Brake Pedal Vibrates or Shakes Inspection
If Your Car Vibrates When It’s Braking, Call a Mechanic
When they are doing their job properly functioning brakes are easy to use and smooth-acting. However, sometimes, brakes can become shaky or vibrate when you press down on the pedal. This is not a catastrophic issue by any means, but it can be alarming. Nonetheless, it should be addressed as soon as possible.
If you are curious about why brakes tend to shake or vibrate, and how to fix it, then keep on reading.
Why Does a Brake Vibrate?
Vibrating breaks are not normal. But they are a common issue. When the problem is particularly bad, it can feel like the entire body of the car is shaking violently. This can be a scary cause for concern.
The good news however is that despite the vibration, the brakes on the vehicle will still function. Do your best to get the vehicle home, or in for service, so a mechanic can find out why the brakes are vibrating.
There are a couple of different reasons why the brakes on your vehicle might vibrate.
Warped Brake Pads
Cars that utilize a hydraulic disc brake system utilize brake pads to squeeze the disc rotor. The friction the pads create upon the rotor is what helps slow the vehicle down, and bring it to a complete stop.
Over time, it’s possible that the brake pads in the disk brake system become worn out and warped. If the brake pads are warped, the car will no longer have smooth braking action. Instead, the brakes might shake or vibrate as they are applied.
Brake pads can also accumulate dust, grime, rust, and other debris that can affect their braking performance and make them vibrate.
Warped Brake Drums or Rotor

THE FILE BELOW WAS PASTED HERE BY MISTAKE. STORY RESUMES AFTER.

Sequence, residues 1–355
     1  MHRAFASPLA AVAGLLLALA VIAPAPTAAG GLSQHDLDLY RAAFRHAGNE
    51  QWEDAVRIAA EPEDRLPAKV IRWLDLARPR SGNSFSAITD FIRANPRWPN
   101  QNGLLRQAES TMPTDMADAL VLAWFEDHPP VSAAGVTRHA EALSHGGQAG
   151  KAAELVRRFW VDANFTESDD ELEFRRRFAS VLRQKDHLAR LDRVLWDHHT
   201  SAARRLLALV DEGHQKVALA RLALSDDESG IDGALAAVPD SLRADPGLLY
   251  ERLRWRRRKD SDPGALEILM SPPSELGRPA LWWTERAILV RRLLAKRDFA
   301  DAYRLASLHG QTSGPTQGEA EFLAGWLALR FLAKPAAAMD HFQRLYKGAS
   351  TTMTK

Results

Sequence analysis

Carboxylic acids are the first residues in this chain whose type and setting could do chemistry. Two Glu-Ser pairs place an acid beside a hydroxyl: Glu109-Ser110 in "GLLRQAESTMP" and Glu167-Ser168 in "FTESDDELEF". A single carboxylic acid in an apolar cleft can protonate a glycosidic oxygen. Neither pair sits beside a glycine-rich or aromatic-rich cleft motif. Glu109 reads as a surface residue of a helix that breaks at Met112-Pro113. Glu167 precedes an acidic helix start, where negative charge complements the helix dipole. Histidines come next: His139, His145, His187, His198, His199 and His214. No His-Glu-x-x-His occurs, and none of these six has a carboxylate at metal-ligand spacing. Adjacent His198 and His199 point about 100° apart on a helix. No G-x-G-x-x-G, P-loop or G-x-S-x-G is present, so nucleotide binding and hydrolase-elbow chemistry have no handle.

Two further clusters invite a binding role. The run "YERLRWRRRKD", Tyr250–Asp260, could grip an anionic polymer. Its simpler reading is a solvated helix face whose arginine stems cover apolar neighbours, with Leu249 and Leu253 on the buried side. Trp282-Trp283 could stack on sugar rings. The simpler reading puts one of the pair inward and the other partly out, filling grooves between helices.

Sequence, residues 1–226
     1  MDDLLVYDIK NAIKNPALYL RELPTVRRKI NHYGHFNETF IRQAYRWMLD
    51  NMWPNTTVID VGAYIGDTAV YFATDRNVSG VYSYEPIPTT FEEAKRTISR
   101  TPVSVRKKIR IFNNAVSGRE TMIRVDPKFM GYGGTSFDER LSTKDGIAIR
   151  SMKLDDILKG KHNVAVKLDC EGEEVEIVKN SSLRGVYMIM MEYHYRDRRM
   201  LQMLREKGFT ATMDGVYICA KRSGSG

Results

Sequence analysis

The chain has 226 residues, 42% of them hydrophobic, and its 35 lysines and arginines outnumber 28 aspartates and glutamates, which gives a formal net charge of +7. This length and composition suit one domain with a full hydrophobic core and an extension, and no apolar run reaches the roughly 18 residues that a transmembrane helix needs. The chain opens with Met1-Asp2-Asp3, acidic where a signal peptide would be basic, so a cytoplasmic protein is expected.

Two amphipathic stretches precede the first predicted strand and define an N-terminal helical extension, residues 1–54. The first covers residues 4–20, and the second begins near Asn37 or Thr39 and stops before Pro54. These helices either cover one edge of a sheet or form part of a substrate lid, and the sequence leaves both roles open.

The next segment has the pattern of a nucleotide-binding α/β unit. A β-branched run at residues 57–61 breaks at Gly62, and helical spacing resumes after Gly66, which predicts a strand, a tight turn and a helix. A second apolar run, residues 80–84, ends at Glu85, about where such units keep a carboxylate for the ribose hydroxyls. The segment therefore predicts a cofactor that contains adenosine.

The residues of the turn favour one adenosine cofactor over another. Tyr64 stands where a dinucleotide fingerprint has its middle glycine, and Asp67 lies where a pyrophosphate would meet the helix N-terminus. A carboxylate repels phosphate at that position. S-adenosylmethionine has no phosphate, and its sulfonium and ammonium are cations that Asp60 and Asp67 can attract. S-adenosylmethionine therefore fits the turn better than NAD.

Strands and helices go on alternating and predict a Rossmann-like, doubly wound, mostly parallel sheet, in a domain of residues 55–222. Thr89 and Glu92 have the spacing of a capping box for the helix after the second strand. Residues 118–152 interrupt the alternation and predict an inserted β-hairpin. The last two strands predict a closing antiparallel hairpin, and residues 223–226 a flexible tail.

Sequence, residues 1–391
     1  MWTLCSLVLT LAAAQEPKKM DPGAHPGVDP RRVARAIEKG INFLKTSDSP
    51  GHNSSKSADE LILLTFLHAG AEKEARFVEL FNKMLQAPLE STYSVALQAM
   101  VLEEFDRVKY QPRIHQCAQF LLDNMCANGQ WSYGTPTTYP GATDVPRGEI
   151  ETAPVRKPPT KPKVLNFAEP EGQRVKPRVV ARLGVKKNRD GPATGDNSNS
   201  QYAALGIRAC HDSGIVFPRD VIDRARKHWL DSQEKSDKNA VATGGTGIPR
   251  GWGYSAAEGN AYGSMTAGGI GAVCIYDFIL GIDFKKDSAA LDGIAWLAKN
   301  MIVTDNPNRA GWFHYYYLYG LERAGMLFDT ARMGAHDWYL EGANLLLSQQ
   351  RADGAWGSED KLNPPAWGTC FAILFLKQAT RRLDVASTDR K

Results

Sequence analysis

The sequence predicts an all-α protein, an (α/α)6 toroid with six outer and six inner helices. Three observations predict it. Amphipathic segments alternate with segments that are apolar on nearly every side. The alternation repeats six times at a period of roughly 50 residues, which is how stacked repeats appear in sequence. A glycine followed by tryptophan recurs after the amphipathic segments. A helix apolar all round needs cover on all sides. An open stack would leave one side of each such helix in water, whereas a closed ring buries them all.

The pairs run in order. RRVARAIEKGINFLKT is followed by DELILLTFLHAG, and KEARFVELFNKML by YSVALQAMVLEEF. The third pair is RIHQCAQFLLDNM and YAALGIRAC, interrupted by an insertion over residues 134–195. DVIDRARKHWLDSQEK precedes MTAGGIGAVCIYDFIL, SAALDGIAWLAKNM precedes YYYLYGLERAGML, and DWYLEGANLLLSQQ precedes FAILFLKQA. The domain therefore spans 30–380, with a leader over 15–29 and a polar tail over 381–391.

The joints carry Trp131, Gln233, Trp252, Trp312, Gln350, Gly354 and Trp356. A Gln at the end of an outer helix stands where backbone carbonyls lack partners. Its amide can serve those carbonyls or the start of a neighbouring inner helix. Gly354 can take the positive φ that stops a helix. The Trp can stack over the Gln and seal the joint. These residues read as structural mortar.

Besides disk brakes, some cars utilize hydraulic drum brakes. Oftentimes, the disc brakes are on the front wheels, while the drum brakes are on the rear.
Like the brake pads, over time, brake drums and rotors can also become warped. This can happen especially in extreme heat. When drum brakes or rotors become warped, the braking action can feel wobbly or shaky.
Loose Bearings or Lug Nuts
Bearings and lug buts are very important hardware for your vehicle’s wheels. They help keep everything tight and secure and offer a smooth, consistent rolling experience. Overall, they help the wheel, tire, and hub work in unison.
When bearings or lug nuts are loose, the smoothness of the spinning wheel is lost, especially when braking. At higher speeds, the momentum of the car keeps things running smooth, despite loose hardware. However, when the brakes are applied, it could feel like the whole car is shaking.
When wheels are perfectly aligned, they are at the exact right angle so that they all share the work. This helps ensure that the car travels in a straight line, even without the driver steering.
With time, tires will eventually come out of alignment. This is normally not an issue and is addressed during routine maintenance visits like oil changes. However, if it has been a while since the tires have been aligned they can become very uneven.
When tires become significantly maligned, they can create a shaking or vibrating sensation, especially as the car begins to brake and come to a stop.
What to Expect When Fixing Shaky Brakes
As you can see from above, there are a few different reasons why your car may shake or vibrate when the brakes are applied.
As such, the first step in fixing the problem will be to diagnose why the car is shaking by performing an inspection. A trained mechanic performing a detail-oriented inspection of the common culprits for vibrating brakes should identify the issue rapidly.
If you have shaky brakes and want a quote, click here. We can provide you with more guidance on the severity of the repairs, the parts that may be required, and the labor process.